Contraindications to Tuberculin Skin Testing
    DO NOT conduct skin testing for persons with:                   The following persons CAN receive a TST:

      •   A previous severe reaction (e.g. blistering,                 •   People who have been immunized with a non-
          necrosis or ulceration) to a TST                                 live-virus vaccine (e.g. diphtheria, tetanus, polio,
      •   Known active TB or known treatment in the past                   pertussis) which does not suppress the reaction
          (TST does not distinguish between prior and                  •   Women who are pregnant or breastfeeding
          recent infection, and will not yield any useful              •   Anyone with a previous Bacille Calmette-Guérin
          information in this case)                                        (BCG) vaccination
      •   Extensive burns or eczema (choose an alternate               •   Anyone who has a history of a “positive TST”
          site if available, avoiding bony prominences)                    (without blistering, ulceration, or necrosis at
      •   Documented previous positive reaction read by a                  the site) but the reaction was not documented
          knowledgeable healthcare worker                                  in millimeters
      •   Persons with viral infections (e.g. rubeola,                 •   Anyone with a common cold
          mumps, influenza), which may temporarily                     •   Those taking low dose corticosteroids daily.
          depress the reactivity to TST. Defer skin testing                It generally takes a steroid dose equivalent to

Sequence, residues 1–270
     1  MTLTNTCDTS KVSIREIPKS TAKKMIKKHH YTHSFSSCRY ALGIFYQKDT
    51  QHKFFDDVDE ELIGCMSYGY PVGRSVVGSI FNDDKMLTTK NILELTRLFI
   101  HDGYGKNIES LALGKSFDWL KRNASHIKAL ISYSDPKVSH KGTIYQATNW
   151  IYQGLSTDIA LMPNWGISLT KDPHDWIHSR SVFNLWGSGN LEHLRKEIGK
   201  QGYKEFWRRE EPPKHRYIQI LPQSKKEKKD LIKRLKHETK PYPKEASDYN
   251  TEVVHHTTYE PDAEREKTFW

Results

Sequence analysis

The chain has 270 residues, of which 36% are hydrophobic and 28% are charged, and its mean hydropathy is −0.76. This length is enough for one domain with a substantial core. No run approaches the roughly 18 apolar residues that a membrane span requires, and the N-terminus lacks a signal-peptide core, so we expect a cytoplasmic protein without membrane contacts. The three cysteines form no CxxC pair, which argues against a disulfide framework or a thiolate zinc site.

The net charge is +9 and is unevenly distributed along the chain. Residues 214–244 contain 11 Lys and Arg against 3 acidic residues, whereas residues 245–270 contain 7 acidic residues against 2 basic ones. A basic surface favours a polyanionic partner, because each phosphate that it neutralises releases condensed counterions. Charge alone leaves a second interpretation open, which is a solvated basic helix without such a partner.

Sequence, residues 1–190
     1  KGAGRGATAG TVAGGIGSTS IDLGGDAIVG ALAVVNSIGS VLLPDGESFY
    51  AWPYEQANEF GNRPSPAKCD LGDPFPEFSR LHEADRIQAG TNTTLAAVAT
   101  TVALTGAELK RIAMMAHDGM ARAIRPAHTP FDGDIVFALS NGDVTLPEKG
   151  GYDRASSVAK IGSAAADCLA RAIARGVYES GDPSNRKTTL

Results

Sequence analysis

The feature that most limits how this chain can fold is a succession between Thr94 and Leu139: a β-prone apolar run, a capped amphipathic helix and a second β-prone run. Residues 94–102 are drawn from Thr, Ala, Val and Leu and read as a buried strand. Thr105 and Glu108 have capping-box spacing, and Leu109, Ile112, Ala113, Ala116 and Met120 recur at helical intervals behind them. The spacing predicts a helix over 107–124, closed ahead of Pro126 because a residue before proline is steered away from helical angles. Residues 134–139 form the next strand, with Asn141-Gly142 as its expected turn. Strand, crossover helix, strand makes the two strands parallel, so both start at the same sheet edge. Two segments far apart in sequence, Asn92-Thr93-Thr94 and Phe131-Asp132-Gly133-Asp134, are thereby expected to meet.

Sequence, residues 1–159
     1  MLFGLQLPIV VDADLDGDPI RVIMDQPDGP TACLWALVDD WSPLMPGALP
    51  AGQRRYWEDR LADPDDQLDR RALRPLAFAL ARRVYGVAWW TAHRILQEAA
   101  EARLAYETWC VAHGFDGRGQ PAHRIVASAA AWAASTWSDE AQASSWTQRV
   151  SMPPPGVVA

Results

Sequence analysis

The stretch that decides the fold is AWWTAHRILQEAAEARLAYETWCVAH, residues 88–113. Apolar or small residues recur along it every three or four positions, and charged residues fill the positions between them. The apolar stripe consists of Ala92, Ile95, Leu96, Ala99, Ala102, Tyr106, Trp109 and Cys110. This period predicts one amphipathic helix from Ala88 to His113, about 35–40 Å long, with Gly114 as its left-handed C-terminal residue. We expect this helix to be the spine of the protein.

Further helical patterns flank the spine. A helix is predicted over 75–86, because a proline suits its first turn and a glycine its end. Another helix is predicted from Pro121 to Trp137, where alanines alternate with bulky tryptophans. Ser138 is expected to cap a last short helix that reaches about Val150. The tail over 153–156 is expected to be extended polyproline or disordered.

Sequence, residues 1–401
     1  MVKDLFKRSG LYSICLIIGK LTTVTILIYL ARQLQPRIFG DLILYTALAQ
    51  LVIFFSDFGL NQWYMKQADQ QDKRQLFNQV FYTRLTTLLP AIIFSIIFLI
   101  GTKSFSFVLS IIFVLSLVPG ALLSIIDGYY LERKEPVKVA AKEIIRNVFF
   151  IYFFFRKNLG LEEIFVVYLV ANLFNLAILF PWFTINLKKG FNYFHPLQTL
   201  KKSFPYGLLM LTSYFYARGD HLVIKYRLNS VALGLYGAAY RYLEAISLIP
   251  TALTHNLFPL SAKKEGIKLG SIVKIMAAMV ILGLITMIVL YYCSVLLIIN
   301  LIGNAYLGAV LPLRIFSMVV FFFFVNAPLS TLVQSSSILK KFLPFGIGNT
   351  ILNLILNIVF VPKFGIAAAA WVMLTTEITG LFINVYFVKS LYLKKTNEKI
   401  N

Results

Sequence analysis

for four weeks after infection                                   ≥ 15 mg prednisone daily for two to four weeks
      •   Recent immunization with measles, mumps,                         to suppress tuberculin reactivity.
          rubella (MMR), varicella and/or yellow fever
          or other live virus vaccines within the last
          four weeks. Measles vaccine has been shown
          to increase the likelihood of false negative TST
                                                                    5.2 Interpretation of Skin Test
          results. Although no data are available regarding         Reactions
          the effect on TST on other live virus immuniza-
          tions, it would be prudent to follow the same four
          week deferral guideline. However, if the opportu-
                                                                    Positive Skin Test Reactions
          nity to test may be missed, the TST should not be         A positive skin test reaction should be considered
          delayed for these vaccines.                               according to three dimensions – size, positive predic-
                                                                    tive value and risk of disease.
    Options: either administer TST before or simultane-
    ously with live viral vaccine or defer skin testing for
    four weeks after immunization with live viral vaccine.

9                                      Lung Health Foundation — Lung Health Starts Now!
                     FIGURE 6 Interpretation of Tuberculin Skin Test Results and Cut-Points in Various Risk Groups

 TST RESULT                                           Situation in which reaction is considered positive*

 0-4 mm             • In general this is considered negative, and no treatment is indicated